Last week was just that, a really crap week! I can’t put my finger on exactly why but for a variety of different reasons I didn’t achieve what I’d hoped to, I didn’t have that ‘wow’ passionate feeling about my business choices all week, I know I focused far too much on what other people were doing and how they seemed to be achieving goal after goal as if they were lined up at a net without a keeper. But do you know what, it’s OK?!
It really is, and I’d have to say that my one success of the week is that I have come out of it knowing that whilst it was a crap week, I know it’s just one week out of my journey and one week will not define the experience or my success.
I don’t want you to think I’m doing the dramatic ‘aww poor me’ attention seeking thing that so many people do, I want to explain why having a bad day, week or even month is OK, in fact, it’s probably a good thing. Sounds daft I know but allowing yourself to experience periods when you’re not so buoyantly enthusiastic about everything means that you value it all the more when you are and when you genuinely feel it.
If next week is just as bad or worse, I will have to look at why and investigate what I’m doing that I could change. Notice I’ve placed the emphasis on me and making a change not what I’m doing wrong. It’s important that we recognise that as small business one of our main superpowers is that we have ultimate decision making capacity, we are in charge of our own destiny. Each decision doesn’t have to be scrutinised by middle management in different departments only to be lost on a senior manager’s desk for sign off, no, we can make a decision and make it happen!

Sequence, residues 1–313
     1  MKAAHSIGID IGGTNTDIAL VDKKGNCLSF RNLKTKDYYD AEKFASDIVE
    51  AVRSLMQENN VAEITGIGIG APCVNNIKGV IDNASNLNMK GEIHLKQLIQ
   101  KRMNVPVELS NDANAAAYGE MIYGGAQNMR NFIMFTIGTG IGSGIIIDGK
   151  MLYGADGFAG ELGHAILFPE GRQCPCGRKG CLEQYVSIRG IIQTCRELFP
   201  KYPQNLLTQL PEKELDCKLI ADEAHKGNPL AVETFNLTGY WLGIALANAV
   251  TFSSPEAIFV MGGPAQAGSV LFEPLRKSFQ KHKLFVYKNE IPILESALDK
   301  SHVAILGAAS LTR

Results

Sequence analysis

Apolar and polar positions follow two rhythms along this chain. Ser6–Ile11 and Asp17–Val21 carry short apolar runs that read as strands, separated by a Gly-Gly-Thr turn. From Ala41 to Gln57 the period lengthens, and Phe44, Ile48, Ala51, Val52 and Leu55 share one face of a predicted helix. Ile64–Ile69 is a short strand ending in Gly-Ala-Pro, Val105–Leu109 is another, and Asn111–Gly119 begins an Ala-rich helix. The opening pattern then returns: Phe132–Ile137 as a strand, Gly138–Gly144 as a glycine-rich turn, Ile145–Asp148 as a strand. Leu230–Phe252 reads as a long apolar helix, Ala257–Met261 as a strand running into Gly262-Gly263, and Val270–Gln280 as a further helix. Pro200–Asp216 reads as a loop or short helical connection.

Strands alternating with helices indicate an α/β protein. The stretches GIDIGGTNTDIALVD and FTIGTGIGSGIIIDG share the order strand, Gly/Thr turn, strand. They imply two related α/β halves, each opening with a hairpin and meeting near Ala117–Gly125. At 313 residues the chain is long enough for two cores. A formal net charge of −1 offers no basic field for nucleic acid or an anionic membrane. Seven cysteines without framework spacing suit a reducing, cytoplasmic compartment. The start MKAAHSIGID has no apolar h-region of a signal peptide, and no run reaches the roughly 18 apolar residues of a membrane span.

Also, I said ‘change’ not ‘what I’m doing wrong’ as I don’t believe that it is healthy or beneficial to small businesses to view things that aren’t going exactly to plan as things that they have done wrong, beating yourself up about situations that have occurred even though you used your best judgement at the time will simply leave a negative trace on your emotions about your business. It’s best to accept that they are just not working for the business at that point in time and it’s time to work out what needs changing and to implement that change with the minimum of fuss. On the Entrepreneurial Spark programme and according to the principals in “The Lean Start-up” by Eric Rees, it’s called pivoting. Whatever you call it, it’s crucial to be constantly analysing your small business to see what’s working for you and for your customers and being open to changing what isn’t.
We have the power to fix a situation, to make a decision and implement it quickly so let’s use it! Have a great week…
Lubylu Ltd www.lubylu.com